All around the world, children are suffering from spinal deformities. Some are inherited, some are due to trauma, disease, abuse, or neglect. Either way, these children do not have the medical resources needed to help correct this devastating problem. People in third world countries just do not have enough manpower and trained orthopedic staff to help correct these issues.
Established in 2003, The Butterfly Foundation (Fundacion Mariposa in Spanish) is dedicated to not only fixing spinal deformity, but training others to do it as well. Dr. Andrew Moulton, based out of Westchester Medical Center in Hawthorne, New York, was inspired to form the foundation to help people complete the metamorphosis needed to live again- much like that of a caterpillar into a butterfly.
So far, the Foundation has traveled to the Dominican Republic (native country of Dr. Moulton’s wife), Africa, Japan, Chile, Malawi, and Vietnam. Vietnam in particular was challenging for Dr. Moulton, as the main method of transportation is moped, without helmet. Injuries were widespread, and difficult to prevent. Thanks to this and diseases caused by poor nutrition, many of the resident’s spines have not developed correctly. One of Dr. Moulton’s most memorable patients was a Vietnamese monk, whose spine was collapsing due to tuberculosis. Meanwhile, in the Dominican Republic, Dr. Moulton and his team worked with many scoliosis patients, using titanium alloy and very delicate surgical procedures to repair these types of curvatures. The rate of scoliosis versus that of the United States is 2:1, without the braces and other types of treatment Americans have access to.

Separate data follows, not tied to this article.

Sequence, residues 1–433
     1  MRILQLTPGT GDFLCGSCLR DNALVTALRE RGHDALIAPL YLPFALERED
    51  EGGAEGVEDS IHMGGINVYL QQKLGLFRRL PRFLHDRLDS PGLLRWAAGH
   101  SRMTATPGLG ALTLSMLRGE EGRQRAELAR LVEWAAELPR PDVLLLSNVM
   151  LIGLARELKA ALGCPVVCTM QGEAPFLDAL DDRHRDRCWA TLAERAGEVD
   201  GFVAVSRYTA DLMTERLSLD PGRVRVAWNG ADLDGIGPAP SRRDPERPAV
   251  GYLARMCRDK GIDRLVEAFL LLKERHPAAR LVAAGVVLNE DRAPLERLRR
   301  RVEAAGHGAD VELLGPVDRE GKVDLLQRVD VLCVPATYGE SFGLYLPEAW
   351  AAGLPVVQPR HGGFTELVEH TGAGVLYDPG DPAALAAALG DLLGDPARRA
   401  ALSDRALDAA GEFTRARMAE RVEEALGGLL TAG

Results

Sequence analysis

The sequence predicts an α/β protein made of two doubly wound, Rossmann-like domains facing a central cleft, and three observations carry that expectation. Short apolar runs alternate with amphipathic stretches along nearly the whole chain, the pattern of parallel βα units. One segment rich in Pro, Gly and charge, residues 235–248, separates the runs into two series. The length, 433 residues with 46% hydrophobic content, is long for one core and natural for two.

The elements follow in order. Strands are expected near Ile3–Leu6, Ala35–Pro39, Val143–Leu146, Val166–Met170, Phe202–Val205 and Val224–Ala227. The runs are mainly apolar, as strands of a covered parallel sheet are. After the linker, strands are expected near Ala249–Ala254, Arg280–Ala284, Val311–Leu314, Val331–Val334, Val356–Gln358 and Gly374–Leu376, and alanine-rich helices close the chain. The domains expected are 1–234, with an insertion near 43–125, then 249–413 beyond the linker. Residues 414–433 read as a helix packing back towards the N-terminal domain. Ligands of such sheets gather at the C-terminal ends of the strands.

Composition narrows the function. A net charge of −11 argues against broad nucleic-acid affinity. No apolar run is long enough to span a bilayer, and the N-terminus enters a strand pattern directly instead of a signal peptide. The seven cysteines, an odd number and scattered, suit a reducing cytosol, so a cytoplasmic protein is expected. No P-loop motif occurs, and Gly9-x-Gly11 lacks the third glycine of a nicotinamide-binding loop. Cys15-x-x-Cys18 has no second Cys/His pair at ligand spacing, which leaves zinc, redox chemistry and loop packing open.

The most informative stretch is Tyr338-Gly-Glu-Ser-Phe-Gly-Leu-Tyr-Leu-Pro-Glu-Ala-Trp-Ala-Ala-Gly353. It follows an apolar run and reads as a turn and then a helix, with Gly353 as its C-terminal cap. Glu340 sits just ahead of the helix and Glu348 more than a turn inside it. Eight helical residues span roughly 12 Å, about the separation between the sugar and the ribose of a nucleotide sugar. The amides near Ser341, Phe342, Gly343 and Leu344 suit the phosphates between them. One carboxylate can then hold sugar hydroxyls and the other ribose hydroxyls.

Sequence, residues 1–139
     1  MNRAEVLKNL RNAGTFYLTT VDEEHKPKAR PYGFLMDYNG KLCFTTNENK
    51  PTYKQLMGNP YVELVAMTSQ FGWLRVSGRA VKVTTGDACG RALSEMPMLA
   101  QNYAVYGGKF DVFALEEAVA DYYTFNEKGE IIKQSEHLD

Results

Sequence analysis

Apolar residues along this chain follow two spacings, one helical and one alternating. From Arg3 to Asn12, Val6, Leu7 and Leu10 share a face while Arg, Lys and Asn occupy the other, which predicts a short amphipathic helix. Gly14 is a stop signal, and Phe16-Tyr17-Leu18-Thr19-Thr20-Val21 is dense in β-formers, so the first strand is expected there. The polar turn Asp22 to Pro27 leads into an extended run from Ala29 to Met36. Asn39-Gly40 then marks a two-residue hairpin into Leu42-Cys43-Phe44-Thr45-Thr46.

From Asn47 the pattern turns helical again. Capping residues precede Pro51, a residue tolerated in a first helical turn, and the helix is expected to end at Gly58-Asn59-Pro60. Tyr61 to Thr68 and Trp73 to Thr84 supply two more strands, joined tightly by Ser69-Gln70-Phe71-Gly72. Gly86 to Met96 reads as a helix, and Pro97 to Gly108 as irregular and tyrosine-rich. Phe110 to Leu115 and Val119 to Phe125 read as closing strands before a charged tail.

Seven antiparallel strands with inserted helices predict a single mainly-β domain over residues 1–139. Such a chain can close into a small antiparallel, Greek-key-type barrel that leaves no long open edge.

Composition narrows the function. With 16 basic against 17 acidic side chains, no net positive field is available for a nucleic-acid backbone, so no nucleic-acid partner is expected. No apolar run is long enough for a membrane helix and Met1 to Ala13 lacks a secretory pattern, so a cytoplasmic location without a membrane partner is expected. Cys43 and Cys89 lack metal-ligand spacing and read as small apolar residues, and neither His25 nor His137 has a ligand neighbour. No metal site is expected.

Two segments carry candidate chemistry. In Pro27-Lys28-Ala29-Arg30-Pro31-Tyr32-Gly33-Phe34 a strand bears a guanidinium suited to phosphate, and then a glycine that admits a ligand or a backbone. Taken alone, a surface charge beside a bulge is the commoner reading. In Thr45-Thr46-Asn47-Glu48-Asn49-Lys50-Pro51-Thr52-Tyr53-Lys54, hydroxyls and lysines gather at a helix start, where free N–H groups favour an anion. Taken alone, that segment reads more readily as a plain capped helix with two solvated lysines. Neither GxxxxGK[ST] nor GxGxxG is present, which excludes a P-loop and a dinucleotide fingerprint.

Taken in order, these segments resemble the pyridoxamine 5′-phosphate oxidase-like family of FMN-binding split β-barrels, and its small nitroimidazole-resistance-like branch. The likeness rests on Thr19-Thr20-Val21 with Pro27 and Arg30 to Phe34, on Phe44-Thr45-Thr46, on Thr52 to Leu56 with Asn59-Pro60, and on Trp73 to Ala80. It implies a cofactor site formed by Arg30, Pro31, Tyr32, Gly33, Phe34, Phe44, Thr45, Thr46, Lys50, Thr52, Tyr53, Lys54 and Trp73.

Not only are the physical ramifications of this type of work beneficial to the patient, but it is also a huge boost to one’s self-esteem. Many growing children feel freakish when their body betrays them and they cannot grow like others. Due to the efforts of Dr. Moulton and his team, a state-of-the-art operating hospital has been established in the Dominican Republic, so the work of the Butterfly Foundation can carry on, even when Dr. Moulton is in another country doing his good work. The program is being promoted through the North American Spine Society, of which Dr. Moulton is Former President. A popular media presence, the Butterfly Foundation has been featured in Orthopedics Today, Westchester Health and Life, and the Dominican Times; among other press.
To find out more about this unique organization, please visit The Butterfly Foundation: Creating new butterflies with each new surgery!